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Premier chooses Yap to lead B.C.'s immigration task force

Who better to head an immigration task force than the MLA for a city steeped in a tradition of welcoming new Canadians.

Who better to head an immigration task force than the MLA for a city steeped in a tradition of welcoming new Canadians.

Richmond-Steveston's John Yap was picked last week by Premier Christy Clark to lead a new task force to review the system under which skilled immigrants and foreign investors come to B.C. and Canada.

The nine-member group will consist of community and business leaders and will review the Provincial Nominee Program, the Federal Skilled Worker Program, the Canadian Experience Class and the Federal Immigrant Investor Program.

The task force will assess the efficiency of each program, and look at how to improve the federal government's responsiveness to immigration needs throughout Western Canada, said the premier.

Speaking about why he thinks the premier selected him, Yap said the makeup of his constituency played a major role.

"I represent a region here in Richmond that's very impacted by immigration, there's a high proportion of new Canadians in my riding," he said.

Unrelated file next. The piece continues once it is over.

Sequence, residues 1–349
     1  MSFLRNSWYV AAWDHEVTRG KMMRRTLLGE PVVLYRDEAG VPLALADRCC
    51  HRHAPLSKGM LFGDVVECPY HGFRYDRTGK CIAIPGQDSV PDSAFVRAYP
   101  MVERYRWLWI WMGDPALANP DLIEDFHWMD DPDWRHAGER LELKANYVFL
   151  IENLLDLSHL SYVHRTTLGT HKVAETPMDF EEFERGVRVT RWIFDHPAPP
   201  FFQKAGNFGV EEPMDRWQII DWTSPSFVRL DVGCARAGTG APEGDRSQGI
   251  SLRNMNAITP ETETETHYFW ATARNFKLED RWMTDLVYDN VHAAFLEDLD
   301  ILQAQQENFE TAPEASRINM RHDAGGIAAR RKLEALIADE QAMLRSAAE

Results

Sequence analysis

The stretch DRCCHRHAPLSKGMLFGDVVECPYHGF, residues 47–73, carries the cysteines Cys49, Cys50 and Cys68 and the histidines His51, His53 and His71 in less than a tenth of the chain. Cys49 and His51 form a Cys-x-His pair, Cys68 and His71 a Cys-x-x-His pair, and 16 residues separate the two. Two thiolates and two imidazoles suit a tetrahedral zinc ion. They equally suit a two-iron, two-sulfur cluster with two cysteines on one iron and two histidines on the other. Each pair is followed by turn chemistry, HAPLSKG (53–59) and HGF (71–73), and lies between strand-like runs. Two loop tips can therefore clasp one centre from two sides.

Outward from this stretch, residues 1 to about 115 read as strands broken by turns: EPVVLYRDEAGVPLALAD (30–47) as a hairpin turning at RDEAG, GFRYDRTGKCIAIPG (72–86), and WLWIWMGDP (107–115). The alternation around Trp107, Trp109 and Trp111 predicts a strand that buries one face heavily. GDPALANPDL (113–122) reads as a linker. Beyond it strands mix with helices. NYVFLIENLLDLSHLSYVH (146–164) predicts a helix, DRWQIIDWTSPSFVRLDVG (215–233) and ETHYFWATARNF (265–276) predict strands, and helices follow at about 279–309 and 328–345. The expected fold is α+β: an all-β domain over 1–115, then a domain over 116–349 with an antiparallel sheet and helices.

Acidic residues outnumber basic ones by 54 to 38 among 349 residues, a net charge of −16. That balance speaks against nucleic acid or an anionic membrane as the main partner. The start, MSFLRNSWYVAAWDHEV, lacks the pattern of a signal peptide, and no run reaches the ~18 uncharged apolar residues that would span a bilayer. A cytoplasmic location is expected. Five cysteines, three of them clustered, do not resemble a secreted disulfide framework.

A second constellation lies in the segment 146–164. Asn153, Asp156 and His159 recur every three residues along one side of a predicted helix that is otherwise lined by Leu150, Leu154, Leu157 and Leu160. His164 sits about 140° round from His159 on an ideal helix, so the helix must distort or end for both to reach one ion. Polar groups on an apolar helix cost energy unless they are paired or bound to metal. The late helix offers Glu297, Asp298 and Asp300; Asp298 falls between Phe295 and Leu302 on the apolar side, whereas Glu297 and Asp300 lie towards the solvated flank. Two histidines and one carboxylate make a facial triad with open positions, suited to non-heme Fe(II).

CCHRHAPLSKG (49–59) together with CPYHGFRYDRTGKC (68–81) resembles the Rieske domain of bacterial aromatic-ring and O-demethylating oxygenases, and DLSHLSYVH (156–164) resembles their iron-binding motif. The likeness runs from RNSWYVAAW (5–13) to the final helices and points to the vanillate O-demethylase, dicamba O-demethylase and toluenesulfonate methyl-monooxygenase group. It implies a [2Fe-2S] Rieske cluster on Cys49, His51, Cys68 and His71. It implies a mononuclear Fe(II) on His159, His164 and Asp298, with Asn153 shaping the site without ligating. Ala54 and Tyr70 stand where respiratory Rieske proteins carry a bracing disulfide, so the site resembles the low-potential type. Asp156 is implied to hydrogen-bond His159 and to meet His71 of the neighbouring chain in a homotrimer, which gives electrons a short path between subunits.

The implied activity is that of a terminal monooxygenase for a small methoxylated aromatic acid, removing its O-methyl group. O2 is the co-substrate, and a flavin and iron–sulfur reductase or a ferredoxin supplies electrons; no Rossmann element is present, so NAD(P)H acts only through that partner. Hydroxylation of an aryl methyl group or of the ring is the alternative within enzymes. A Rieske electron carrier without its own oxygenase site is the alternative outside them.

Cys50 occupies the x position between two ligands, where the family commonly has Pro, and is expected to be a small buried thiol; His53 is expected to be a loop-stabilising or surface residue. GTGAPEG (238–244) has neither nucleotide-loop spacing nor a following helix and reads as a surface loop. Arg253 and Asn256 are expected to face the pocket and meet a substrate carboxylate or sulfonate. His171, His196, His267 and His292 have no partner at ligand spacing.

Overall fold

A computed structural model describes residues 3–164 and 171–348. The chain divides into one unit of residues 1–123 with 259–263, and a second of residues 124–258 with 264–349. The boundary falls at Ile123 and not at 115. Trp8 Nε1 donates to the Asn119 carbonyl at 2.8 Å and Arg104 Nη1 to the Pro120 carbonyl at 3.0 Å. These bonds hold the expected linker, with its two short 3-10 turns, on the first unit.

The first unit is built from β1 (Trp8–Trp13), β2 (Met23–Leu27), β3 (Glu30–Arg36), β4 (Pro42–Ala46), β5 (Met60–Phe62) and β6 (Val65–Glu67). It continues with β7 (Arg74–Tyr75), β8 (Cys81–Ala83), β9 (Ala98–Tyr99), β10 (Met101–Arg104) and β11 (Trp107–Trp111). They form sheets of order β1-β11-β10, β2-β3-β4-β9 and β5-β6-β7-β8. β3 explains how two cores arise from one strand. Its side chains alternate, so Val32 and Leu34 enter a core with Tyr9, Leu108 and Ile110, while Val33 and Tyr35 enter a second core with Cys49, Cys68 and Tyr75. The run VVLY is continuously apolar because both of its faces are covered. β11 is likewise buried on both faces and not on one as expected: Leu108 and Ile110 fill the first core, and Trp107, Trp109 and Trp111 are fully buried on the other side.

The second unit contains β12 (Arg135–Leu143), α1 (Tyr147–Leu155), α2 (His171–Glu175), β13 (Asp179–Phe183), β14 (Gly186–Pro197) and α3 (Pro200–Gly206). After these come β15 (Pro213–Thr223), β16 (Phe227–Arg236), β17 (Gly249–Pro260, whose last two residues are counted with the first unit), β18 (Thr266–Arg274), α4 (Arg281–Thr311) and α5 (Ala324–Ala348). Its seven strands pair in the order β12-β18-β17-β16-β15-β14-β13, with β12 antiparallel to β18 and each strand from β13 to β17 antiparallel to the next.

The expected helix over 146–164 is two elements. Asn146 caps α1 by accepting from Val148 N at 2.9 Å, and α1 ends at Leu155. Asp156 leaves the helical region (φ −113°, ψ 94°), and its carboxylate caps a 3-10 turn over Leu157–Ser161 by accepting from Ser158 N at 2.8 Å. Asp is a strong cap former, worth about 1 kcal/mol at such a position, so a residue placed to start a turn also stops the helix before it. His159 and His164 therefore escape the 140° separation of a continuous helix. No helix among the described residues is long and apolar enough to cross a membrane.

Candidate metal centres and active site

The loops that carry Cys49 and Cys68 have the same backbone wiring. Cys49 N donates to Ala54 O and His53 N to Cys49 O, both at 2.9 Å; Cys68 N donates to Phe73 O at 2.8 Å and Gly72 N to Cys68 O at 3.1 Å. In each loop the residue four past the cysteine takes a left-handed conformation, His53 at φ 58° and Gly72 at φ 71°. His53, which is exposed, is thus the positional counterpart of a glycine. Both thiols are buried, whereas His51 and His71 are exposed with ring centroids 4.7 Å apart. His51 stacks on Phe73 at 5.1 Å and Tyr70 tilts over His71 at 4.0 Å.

"(Immigration) is a topic of great interest to me and we really are a nation of immigrants."

Yap said a huge number of jobs will need to be filled over the next decade in B.C. and a "huge percentage of this will need to be filled by new immigrants."

"I'm looking forward to working with some very distinguished British Columbians," added Yap.

"As a group, we're going to come up with suggestions and recommendations and then report them to the premier.

"This is about bringing more skilled people in from all around the world to B.C."

Yap will be joined on the task force by two more Richmondites: Tung Chan, former CEO SUCCESS/Chinese community leader, and Suki Badh, college instructor/South Asian community leader.

Clark said last week the province has laid out an ambitious plan to create jobs in the BC Jobs Plan and more skilled immigrants will be needed to "help fill more than one million job openings expected over the next decade," noting that current B.C. residents are expected to account for only two-thirds of those positions.

"We don't know yet how we're going to fill those jobs," she said.

The goal of the force is to assess the current system and find ways to attract more skilled workers yearly.

Task force members meet with employers, industry and sector associations, settlement service providers, community associations and other relevant groups, Clark said.